Dynamic Placeholders and IExpandable

There have been quite a few posts on the topic of ‘Dynamic Placeholders’ (among the most useful of which are those of John Newcombe, Nick Wesselman and Dave Leigh).  If you haven’t come across this topic, then I’d suggest checking out Nick Wesselman’s blog post for a pretty succinct explanation of it.  It boils down to the limitation that you cannot place multiple sublayouts containing a placeholder onto a page in such a way that the placeholders resolve to having the same fully qualified placeholder keys.  I really like John Newcombe’s approach, which is based on Nick Wesselman’s; and having spent quite a bit of time playing with it, I’d certainly suggest that anyone needing to solve this problem takes a look themselves.

I plan to tackle a slightly different problem in this post: that of dynamically creating a number of placeholders within a single sublayout (so dynamic placeholders instead of dynamic placeholder keys, although as we’ll see later, the two problems can be solved in a very similar manner).  Let’s take the following scenario:

  1. You have a sublayout for a tab panel
  2. The tab panel can have a variable number of tabs on it
  3. Each tab has its own placeholder control, which allows for further sublayouts/renderings to be inserted inside it.
  4. To make things a bit easier, let’s also say that there can be no more than 5 tabs on this control.

So you go off and create a sublayout that either uses CreateChildControls, or a Repeater, or some other such mechanism to create the various mark-up and placeholder controls that you need for each tab.  Perhaps you think ahead and add the tab index to the key of each placeholder (e.g. “tab-1”, “tab-2”, and so on).  You fire up the Sitecore page editor and add your control, and are delighted to see the empty placeholder hatching on each of the tabs.  Then you add a control to one of the placeholders and save the item.  It doesn’t appear.  You check page editor; it’s definitely in the presentation settings with the correct key.  You check debug mode, and you see that Sitecore is expanding “tab-1” but not “/content/tab-1”, which is what the absolute placeholder path should be.  What gives?!  You have a bit of a Google around, and find a few posts that suggest changing the LayoutPageEvent setting within Sitecore.  You make the change, but still no dice.  Hmm…

I have to admit that I haven’t fully unraveled everything that goes on myself (so please correct me if I’m mistaken), however I believe that Sitecore scans the Controls collection of any renderings that it creates for Placeholder controls when it actually creates them (during, I believe, the insertRendering pipeline).  Any that it locates, it adds to a collection for processing later.  For some reason, this seems to affect how it treats the placeholder key when it actually comes to resolving the renderings that are being inserted into it.  Only the placeholders that are picked up in the initial pass will be processed using the absolute placeholder keys (e.g. “/content/tab-1”) – any others will only ever be processed with their “relative” key (“tab-1”).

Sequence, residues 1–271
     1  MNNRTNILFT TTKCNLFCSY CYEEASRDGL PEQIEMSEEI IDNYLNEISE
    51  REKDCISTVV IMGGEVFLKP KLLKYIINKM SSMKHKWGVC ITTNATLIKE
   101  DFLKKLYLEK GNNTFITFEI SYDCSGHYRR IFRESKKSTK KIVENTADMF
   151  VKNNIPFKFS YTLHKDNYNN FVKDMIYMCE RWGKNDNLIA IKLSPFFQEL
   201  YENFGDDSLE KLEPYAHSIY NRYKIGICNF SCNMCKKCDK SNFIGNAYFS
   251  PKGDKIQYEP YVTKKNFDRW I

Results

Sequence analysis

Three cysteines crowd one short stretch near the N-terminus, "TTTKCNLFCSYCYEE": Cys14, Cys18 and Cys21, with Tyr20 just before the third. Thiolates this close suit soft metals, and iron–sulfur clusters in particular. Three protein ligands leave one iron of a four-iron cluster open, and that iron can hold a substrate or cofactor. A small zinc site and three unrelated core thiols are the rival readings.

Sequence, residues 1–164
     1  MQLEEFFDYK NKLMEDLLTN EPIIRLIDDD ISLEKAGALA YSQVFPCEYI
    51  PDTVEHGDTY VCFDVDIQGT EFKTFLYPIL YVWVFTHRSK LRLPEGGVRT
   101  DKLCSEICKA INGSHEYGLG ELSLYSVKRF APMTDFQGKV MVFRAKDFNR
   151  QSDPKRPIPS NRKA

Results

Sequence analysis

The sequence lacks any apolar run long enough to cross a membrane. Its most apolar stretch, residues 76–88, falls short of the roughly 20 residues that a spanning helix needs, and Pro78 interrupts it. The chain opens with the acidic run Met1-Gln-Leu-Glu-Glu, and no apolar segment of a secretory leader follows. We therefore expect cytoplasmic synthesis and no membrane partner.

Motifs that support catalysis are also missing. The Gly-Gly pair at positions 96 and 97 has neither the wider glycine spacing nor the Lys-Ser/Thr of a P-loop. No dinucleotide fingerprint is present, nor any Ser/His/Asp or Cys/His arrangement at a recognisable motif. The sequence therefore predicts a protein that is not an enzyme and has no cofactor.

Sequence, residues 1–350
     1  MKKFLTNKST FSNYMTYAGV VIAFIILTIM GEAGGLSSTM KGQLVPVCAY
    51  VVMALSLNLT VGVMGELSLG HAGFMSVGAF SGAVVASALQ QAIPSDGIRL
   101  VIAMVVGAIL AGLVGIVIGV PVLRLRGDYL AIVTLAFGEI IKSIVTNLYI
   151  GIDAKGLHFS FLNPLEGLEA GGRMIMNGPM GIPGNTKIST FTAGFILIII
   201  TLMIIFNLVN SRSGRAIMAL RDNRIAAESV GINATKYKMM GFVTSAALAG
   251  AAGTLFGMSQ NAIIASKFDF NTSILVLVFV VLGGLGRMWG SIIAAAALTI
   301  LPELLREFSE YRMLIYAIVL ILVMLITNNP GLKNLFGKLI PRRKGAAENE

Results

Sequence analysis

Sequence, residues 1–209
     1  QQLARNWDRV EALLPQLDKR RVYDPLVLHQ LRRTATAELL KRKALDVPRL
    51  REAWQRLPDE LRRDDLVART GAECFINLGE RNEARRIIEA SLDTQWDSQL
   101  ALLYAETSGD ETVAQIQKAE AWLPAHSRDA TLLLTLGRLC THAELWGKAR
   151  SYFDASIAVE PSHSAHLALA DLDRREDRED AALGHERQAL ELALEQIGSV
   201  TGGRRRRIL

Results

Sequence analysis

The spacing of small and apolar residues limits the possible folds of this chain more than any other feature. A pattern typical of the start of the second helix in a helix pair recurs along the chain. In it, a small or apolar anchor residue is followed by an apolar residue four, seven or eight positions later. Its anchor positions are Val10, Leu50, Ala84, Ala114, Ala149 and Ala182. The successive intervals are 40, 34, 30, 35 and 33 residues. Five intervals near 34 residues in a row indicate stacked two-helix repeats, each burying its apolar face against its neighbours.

Fortunately, resolving this is pretty simple.  Sort of.  Before Sitecore inspects the Controls collection for Placeholders, first it checks if the sublayout implements IExpandable; and if it does, then it calls IExpandable‘s Expand method.  So, if you implement IExpandable on your sublayout, and then make it so that the Expand method calls whatever logic you have that creates the placeholders then you should be good to go.  Unfortunately, this is where the “sort of” kicks in.  It turns out that this Expand method is called before the control is added to the page.  As such, if your logic is dependent upon the DataSource of the control, and if whatever you use to get the DataSource works by finding the parent Sublayout control, you’ll get null back and most likely either end up with no panels or a NullReferenceException.

Nick Wesselman’s post contains a mechanism for getting the rendering that is currently being processed; and fortunately that can be trivially adapted to retrieve the DataSource (or also Parameters) for the currently processing RenderingReference.  You can either refer to the previously linked blog post or use the following code to get the RenderingReference:

public static RenderingReference GetCurrentRendering()
    // Get the current placeholder stack
    var stack = Switcher<Placeholder, PlaceholderSwitcher>.GetStack(false);
    if (stack == null || stack.Count == 0)
        // Not used within a placeholder - maybe in a layout or something?
        return null;

    // Get the current placeholder
    var current = stack.Peek();

    //find the rendering reference we are contained in
    return Sitecore.Context.Page.Renderings
                    .Where(rendering => rendering.Placeholder == current.ContextKey || rendering.Placeholder == current.Key)
                    .LastOrDefault(rendering => rendering.AddedToPage);

Once you put that in place, the last thing that you need to do is call Expand() on your dynamic placeholders from your sublayout’s Expand method.  After you’ve done that, you should then see your placeholders start to behave.  One thing that I would suggest, though, is using something other than a number to distinguish your placeholders; for example, if each tab is represented by an item, then I will consider using that item’s ID in the placeholder name.  It’s not terribly friendly, however in page editor, you rarely have to care about specific placeholder names (aside from placeholder settings, which the aforementioned blog posts already address).

So they key to the functionality is the IExpandable interface.  Something that not very many people know about, and so something that I thought was worth sharing.  Have a play with it; and hopefully this post will help someone out.

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